While the best Pinot Gris in California can be very good, it is often a considerable step below the Grand Cru wines of Alsace, or the best that Germany has to offer.

Sauvignon Blanc

Californian Sauvignon Blanc can often be overlooked. Many associate Californian wine with Chardonnay above all else, but Sauvignon Blanc is being made to the highest standard. Many are shown to be complex and age-worthy, much like the Sauvignon Blanc in Bordeaux. You’ll also find styles reminiscent of the smokey Pouilly-Fumé, which is held in high-regard in the Loire Valley. These are referred to as ‘Fumé Blanc’.

Cabernet Sauvignon

This is the grape that very much put Californian on the map. Complex, structured and powerful, yet elegant wines that command huge price tags. The grapes are left to hang on the vine for longer than they would be in many old world wine nations. This additional ‘hang time’ is a regular feature in Californian red wine. This allows the sugar and tannins to mature which means they feel softer on the palate, but they are still present which allows for long term ageing.

Cabernet Sauvignon Grapes
Cabernet Sauvignon Grapes

Merlot has been on a journey in California and saw its reputation rocked by the film Sideways. An off-handed comment in the film led to a measurable decrease in Merlot sales. However, this only caused the low-quality Merlot producers to stop bothering with the grape. Talented winemakers persisted with Merlot and you can find some soft, supple and delightfully flavoured red wines, which are often blended with the premier Cabernet Sauvignon.

Pinot Noir

On the other side of the Sideways coin, Pinot Noir sales boomed after the film. Many vintners placed greater emphasis on this grape variety, to match the growing demand and this has led to a sublime increase in quality over recent years. It is a difficult grape variety to manage, but Californian winemakers have done so gracefully. You can expect beautifully structured and complex wines. These rival both the best of the old world, such as Burgundy, and the best of the new world such as New Zealand and South Africa.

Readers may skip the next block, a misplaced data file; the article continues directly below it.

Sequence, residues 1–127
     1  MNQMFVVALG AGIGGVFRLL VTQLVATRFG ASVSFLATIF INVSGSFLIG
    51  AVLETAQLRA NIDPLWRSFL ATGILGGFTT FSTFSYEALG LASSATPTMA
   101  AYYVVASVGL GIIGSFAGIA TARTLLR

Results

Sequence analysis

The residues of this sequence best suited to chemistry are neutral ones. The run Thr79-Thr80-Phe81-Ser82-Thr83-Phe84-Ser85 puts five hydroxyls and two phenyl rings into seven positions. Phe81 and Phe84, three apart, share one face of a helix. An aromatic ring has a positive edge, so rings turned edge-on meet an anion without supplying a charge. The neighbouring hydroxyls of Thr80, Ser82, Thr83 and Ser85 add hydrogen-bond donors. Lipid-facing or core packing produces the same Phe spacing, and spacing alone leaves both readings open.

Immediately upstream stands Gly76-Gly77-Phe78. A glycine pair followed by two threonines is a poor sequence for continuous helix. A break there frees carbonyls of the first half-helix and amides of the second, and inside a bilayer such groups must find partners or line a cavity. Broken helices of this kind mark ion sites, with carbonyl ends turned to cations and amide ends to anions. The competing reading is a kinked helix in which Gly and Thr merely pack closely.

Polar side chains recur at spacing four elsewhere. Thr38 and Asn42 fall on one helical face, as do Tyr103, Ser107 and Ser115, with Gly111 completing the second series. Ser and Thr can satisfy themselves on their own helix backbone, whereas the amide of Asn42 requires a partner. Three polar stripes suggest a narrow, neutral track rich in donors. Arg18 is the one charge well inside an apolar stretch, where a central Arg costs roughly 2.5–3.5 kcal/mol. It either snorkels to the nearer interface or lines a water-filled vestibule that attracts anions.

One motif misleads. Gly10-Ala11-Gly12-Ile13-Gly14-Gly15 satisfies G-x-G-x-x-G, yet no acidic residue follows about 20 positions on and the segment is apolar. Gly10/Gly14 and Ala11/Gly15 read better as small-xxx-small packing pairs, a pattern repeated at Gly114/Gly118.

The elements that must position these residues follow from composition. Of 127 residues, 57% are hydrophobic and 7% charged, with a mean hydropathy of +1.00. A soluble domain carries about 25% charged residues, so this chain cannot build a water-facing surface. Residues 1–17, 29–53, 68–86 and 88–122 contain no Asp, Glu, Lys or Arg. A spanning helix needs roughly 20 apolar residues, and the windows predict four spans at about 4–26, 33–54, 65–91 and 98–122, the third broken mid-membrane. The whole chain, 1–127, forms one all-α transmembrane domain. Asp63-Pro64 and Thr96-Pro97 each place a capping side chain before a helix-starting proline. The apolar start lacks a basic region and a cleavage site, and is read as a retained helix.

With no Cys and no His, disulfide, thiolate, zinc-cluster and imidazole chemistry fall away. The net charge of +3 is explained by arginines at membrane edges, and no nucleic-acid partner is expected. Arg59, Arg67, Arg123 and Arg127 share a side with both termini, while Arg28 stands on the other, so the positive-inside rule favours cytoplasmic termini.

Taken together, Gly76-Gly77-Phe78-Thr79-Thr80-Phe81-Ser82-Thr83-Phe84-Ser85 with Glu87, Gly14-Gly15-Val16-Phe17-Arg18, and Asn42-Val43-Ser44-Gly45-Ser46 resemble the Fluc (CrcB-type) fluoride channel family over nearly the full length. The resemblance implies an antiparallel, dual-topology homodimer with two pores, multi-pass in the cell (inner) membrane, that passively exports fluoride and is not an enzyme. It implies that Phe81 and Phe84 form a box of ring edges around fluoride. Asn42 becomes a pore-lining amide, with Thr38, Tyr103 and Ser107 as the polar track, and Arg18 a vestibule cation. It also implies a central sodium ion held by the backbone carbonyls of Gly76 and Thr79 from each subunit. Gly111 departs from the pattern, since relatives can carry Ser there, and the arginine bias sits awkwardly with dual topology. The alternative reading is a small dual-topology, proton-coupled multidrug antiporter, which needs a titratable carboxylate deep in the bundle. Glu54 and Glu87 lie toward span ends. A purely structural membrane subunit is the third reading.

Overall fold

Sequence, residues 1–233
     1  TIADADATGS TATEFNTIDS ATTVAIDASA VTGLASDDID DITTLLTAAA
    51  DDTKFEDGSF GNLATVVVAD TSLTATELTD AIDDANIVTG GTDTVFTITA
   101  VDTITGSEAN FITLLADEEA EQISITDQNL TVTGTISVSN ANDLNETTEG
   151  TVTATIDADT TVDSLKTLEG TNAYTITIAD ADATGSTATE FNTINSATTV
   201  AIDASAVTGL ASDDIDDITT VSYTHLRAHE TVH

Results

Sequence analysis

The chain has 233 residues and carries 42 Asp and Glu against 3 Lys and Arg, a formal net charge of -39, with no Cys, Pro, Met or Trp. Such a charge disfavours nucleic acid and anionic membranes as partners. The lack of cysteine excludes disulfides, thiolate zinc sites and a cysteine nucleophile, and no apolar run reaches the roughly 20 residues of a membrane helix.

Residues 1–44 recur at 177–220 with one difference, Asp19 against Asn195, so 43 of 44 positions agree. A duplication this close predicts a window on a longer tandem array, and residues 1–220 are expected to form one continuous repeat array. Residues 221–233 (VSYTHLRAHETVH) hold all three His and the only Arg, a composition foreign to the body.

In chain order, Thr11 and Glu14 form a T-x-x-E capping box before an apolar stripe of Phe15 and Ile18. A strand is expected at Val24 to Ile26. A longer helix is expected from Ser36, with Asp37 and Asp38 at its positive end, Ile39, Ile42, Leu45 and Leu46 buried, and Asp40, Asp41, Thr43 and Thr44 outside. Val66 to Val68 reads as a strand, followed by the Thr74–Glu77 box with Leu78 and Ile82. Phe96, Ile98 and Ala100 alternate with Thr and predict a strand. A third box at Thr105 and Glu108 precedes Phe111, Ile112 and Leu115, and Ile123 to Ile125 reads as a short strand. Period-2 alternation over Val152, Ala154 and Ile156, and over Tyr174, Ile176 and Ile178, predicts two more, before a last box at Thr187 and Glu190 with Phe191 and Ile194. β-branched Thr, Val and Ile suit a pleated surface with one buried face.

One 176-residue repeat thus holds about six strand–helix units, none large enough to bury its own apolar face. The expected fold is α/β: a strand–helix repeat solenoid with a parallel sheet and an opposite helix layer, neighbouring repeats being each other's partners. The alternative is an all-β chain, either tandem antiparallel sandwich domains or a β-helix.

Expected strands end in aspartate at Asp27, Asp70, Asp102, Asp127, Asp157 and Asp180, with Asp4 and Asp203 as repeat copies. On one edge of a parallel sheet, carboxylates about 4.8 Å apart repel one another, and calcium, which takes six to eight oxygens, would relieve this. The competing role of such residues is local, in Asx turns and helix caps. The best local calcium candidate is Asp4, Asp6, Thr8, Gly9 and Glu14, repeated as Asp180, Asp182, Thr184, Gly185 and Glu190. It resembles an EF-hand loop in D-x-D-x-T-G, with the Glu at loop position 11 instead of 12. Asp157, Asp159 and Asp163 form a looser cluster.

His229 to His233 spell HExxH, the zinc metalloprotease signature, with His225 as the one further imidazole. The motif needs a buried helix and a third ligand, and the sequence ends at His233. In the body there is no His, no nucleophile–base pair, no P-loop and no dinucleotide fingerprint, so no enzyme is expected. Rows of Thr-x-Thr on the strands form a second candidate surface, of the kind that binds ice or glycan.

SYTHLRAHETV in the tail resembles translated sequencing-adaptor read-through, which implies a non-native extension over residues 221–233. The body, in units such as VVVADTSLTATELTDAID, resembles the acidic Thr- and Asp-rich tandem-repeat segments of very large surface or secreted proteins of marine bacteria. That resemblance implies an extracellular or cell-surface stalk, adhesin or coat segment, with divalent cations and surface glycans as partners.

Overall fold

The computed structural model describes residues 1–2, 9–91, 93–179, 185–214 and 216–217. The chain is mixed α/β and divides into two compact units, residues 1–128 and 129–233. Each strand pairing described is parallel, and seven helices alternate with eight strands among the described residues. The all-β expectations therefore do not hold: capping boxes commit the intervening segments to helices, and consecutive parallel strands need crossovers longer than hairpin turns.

California Syrah is not a one note wine. It is not easy to fit into a category. Rhône Valley is known for leaner and peppery wines, where Australian Shiraz is jammy and full bodied. California Syrah can jump between these two camps, or sit right between the two. However, it often displays a real gamey quality that distinguishes itself from many of the other styles of Syrah.


Zinfandel is a key grape variety in the Californian wine industry. In fact, it was the most planted grape variety until Cabernet Sauvignon passed it in 1998, (MacNeil 698). Many will know it for the unexciting rosé wine which is called White Zinfandel, but the true red wine which comes from Zinfandel is a truly different breed.

They’re big and powerful wines, known for their high alcohol content. They’re also a prime candidate for increased ‘hang-time’. Zinfandel is known for ripening unevenly which means that if they weren’t left on the vine for a longer amount of time, you’d get unripened grapes which would impact the quality of the final wine. The increased hang-time can also cause the grapes to raisin. This concentrates sugars and can mean that the wines can often have an off-dry quality. Don’t be shocked if your Californian Zinfandel has a touch of residual sugar.

That’s our look into all things California, if you’re keen to learn about their neighbours to the north, then make sure you check out our article on the wine regions of the Pacific North West.

When it comes to American vino, we can’t recommend Californian wine enough. Whatever your particular tipple may be, you are guaranteed to find something you like in this part of the world. Get out there and start sipping something delicious!

If you do plan on trying some out, then be sure to check out the Water & Wines Californian Wine Region Puzzle. It’s a fun way to expand your knowledge of the Californian wine region even more.

California Jigsaw 1000 pieces | Californian Wine Region Puzzle
Water & Wines California Wine Puzzle

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Work Cited

MacNeil, Karen. The Wine Bible. 2nd ed., Workman Publishing, 2015.